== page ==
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J.P. Morgan Tops Europe Fixed-Income Research Ranking

The European Central Bank's recent moves have helped lighten the mood for investors in the euro zone.

From Locked ranking

In a January speech to frankfurt’s chamber of commerce, European Central Bank president Mario Draghi declared that “the darkest clouds over the euro area subsided” in 2012. Many market observers agree — and credit Draghi’s July declaration that the ECB would do “whatever it takes to preserve the euro” with calling forth the necessary sunshine to dispel the gloom. Words alone would likely have had little effect, but the bank followed up with the creation of Outright Monetary Transactions, a program through which it would buy the bonds of member countries, in effect becoming a lender of last resort.

These moves appear to have removed much of the negative overhang weighing on European markets, paving the way for double-­digit returns for the region’s high-yield, investment-grade and sovereign debt offerings. Since the as-yet-­untapped OMT was introduced in September, the bonds of some of the euro zone’s most troubled economies — Greece, Ireland, Italy, Portugal and Spain — have risen by 11 percent or more, through mid-­February. But Europe’s economic situation is still precarious, and any number of potential shocks could widen spreads and dampen returns. Moreover, policymakers have yet to address the region’s long-term growth prospects.

One key issue for analysts and investors is determining whether the current calm is going to last. Laurence Kantor, Barclays’s New York–based global head of research, believes it will. “You’ve seen a rally in nearly all the European markets since last summer — stocks, bonds in all kinds of sectors — and the negative tail risk has fallen,” he says. “Policymakers have taken other actions before, but the ECB’s latest action has lasted much longer than the other respites from market turmoil, and we do think it has staying power. But if something happens that would upset the market, tail risks could rise once again.”

Michael Maras, head of global credit and emerging-­markets fixed-­income research at Bank of America Merrill Lynch in London, provides an example. “The major theme behind investor thinking right now is the assumption that both U.S. and the European Union monetary policy will remain highly accommodative in 2013,” he says. “Now, if you would tell me tomorrow morning that suddenly the U.S. Federal Reserve Board has come out with an announcement that it’s backing off on providing central bank liquidity because it’s getting concerned about long-term inflation expectations and becoming more hawkish, I think that would be the catalyst for a new wave of volatility.”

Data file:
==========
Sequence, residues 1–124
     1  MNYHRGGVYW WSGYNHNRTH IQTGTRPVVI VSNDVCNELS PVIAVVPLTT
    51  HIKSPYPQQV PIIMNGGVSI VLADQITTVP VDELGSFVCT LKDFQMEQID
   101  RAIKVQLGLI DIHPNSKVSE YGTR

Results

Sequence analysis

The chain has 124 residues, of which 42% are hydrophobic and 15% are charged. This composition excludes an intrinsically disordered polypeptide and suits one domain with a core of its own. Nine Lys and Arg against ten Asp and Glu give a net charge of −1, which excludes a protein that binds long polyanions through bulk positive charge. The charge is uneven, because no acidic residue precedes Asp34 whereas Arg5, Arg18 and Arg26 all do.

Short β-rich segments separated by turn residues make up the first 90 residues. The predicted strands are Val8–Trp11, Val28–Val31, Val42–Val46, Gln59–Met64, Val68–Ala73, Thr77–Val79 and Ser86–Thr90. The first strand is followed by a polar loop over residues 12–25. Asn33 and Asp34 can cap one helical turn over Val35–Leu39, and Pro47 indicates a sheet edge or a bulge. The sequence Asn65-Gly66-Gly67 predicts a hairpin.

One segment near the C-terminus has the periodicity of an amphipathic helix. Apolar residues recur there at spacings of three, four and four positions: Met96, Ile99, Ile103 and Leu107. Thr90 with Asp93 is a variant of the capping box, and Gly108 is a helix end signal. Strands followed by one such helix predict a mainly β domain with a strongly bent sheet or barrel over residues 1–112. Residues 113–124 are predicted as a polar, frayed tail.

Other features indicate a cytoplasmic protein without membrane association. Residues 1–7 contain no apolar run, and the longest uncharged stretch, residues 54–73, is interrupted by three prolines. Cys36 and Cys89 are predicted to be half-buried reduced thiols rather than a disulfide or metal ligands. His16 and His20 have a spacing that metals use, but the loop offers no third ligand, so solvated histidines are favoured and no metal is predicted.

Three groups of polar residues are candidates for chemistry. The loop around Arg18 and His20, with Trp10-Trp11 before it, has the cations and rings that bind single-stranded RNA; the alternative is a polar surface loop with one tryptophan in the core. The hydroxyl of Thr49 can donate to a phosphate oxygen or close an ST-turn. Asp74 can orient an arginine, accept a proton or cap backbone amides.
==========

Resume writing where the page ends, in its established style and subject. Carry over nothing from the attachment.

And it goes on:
Money managers appear to be taking less-­dramatic developments in stride. Although many investors are anxious about the outcome of Italy’s elections, fearful that an antiausterity government will come to power and plunge that country back into crisis, market reaction was largely muted last month after Moody’s Investors Service downgraded the U.K.’s triple-A sovereign debt rating; the pound slumped against the dollar and the euro, but U.K. bond yields held steady. Buy-siders were unfazed by the rating reduction because they had expected it: Moody’s had placed the U.K. on its negative outlook list back in February 2012, a move that was subsequently matched by both Fitch Ratings and Standard & Poor’s.

Keeping investors abreast of developments and their likely impact — on the upside or the down — is what sell-side research departments do, and none does a better job of providing insight and guidance to investors in European fixed-­income securities than J.P. Morgan, which leads Institutional Investor’s All-­Europe Fixed-­Income Research Team for a third straight year. The firm captures 17 total team positions, three more than last year and three more than Barclays, which repeats in second place even though it increases its team total by four.

BofA Merrill climbs from fourth place to third, but that modest advance belies the firm’s stunning gains: It more than doubles its number of team positions, from six to 13. Down one notch to No. 4 is Deutsche Bank, which picks up three spots, for a total of 12. Rounding out the top five is Morgan Stanley, which tied for fourth place last year; it increases its total by one, to seven. Survey results reflect the views of nearly 800 individuals at some 380 institutions globally that manage an estimated $6.4 trillion in European fixed-­income assets.

This year’s 18 top-ranked teams are cited in the table on the opposite page. Deeper data, including profiles of the crews that rank first, second and third in each sector, can be found on our website, institutionalinvestor.com.

Joyce Chang, who became J.P. Morgan’s global head of fixed-­income research in December, says her firm has been making selective hires across the whole franchise but especially in emerging-­markets corporate research in eastern Europe, the Middle East and Africa. The expansion will continue, she adds, because emerging-­markets corporate issuance is on the rise — hitting $333 billion in 2012, up from $211 billion the year before, and racking up $51 billion in ­January 2013 alone. Meanwhile, assets benchmarked to J.P. ­Morgan’s emerging-­markets corporate bond index surged from $29 billion at the end of 2011 to some $50 billion at the end of last year, notes Chang, who works out of New York.